Hey, I'm just glad I could help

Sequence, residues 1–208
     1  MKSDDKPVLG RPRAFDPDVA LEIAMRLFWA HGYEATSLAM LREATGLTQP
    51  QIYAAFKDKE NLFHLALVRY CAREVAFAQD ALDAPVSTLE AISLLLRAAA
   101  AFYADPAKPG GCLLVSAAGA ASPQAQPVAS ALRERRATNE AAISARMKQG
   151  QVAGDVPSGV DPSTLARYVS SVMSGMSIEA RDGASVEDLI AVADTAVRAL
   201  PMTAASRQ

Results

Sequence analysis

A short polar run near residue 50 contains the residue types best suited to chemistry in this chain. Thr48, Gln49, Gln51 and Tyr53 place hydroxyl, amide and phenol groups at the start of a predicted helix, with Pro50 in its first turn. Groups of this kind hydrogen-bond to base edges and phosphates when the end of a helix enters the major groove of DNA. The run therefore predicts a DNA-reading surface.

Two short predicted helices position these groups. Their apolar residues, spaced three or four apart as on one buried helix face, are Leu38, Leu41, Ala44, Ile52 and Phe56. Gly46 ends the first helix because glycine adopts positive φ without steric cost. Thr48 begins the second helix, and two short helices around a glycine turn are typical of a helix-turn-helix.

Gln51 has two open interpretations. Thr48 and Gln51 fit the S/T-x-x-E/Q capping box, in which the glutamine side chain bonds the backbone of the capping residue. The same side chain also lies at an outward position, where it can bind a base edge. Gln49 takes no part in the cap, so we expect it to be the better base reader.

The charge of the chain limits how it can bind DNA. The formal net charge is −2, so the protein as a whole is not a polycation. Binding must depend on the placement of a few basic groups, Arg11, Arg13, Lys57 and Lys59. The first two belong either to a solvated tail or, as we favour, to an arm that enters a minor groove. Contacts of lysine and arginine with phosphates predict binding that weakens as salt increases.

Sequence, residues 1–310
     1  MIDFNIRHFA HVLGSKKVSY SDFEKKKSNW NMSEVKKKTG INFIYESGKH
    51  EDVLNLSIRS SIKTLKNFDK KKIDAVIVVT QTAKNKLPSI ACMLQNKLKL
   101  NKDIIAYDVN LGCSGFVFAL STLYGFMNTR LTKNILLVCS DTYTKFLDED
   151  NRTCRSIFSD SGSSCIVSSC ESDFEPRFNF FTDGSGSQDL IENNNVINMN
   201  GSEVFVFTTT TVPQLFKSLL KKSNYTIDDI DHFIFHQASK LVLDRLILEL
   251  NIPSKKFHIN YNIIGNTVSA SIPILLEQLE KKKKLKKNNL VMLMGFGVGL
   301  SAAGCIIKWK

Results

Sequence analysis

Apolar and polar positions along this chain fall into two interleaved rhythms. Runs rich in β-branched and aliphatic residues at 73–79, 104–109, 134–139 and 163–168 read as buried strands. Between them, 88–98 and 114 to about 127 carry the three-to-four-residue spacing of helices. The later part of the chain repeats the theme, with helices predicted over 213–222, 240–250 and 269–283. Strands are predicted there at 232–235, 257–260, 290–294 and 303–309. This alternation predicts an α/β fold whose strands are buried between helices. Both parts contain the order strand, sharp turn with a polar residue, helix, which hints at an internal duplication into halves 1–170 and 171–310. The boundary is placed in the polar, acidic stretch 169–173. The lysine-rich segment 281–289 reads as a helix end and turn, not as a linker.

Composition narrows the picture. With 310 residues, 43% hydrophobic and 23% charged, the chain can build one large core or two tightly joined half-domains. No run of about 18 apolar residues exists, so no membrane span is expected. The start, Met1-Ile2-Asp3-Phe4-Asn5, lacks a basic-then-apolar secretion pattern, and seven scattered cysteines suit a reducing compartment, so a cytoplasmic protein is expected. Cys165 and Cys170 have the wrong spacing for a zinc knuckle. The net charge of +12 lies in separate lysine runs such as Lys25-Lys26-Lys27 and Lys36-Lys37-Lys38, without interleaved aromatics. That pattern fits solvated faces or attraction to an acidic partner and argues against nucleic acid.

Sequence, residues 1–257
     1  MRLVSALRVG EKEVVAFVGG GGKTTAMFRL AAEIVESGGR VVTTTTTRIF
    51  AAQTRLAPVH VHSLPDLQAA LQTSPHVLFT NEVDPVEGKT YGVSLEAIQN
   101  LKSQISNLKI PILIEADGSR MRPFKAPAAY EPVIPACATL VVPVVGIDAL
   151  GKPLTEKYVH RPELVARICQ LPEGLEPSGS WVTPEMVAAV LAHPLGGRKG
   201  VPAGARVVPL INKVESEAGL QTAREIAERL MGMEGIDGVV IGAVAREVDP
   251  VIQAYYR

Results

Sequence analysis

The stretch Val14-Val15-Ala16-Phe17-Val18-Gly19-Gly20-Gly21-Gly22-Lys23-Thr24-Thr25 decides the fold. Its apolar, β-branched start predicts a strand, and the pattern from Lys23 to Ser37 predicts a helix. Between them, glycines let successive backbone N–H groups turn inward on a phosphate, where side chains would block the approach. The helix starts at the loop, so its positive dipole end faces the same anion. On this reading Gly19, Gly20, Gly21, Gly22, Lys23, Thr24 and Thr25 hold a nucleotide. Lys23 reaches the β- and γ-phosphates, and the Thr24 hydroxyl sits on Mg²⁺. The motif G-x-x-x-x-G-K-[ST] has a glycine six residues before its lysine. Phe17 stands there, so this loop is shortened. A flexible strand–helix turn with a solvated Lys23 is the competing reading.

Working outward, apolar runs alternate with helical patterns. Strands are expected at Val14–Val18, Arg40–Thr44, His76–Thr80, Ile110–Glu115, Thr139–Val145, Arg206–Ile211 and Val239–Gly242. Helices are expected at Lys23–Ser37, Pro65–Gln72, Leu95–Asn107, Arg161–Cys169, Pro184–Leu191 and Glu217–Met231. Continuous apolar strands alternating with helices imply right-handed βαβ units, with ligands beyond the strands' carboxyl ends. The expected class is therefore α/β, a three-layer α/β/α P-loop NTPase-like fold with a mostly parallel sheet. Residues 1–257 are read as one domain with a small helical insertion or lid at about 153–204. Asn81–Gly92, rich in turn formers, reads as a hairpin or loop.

Picture the stereotypical biker. He's probably middle-aged and on the burly side, right? With a black leather vest, gray beard and moustache, and a bandanna on his head. That's pretty much how Monte Kirk looks. But underneath that rugged appearance beats a heart of gold. We know this because of a ride he'd been taking near his home in West Point, Utah. Astride his Harley-Davidson motorcycle, he spotted a small black box in the street. So he stopped to pick it up and examine the contents, which turned out to be the engagement ring that young Tyler Jones had intended to offer his girlfriend, Amanda Anderson. Alas, it had blown off the hood of Amanda's car before he remembered he'd left it there. Tyler and his family searched exhaustively for the ring and, in desperation, placed an ad in the lost-and-found section of the Ogden Standard-Examiner. When, after a week, there was no response, he decided to propose marriage anyway and buy Amanda another ring. What the Joneses didn't realize was that Monte Kirk had seen the ad and was trying to phone them, without success. Finally, on the morning Tyler was preparing to pop the question, Kirk made connections. He asked for a detailed description of the ring and, satisfied that it was the one in question, hopped on his motorcycle and delivered it. And then he turned down a $100 reward. The ring, a diamond valued at $3,000, "wasn't rightfully mine," he said. "I had to find the owner. Anyone else would have done the same thing." Oh, by the way, Amanda said "yes."

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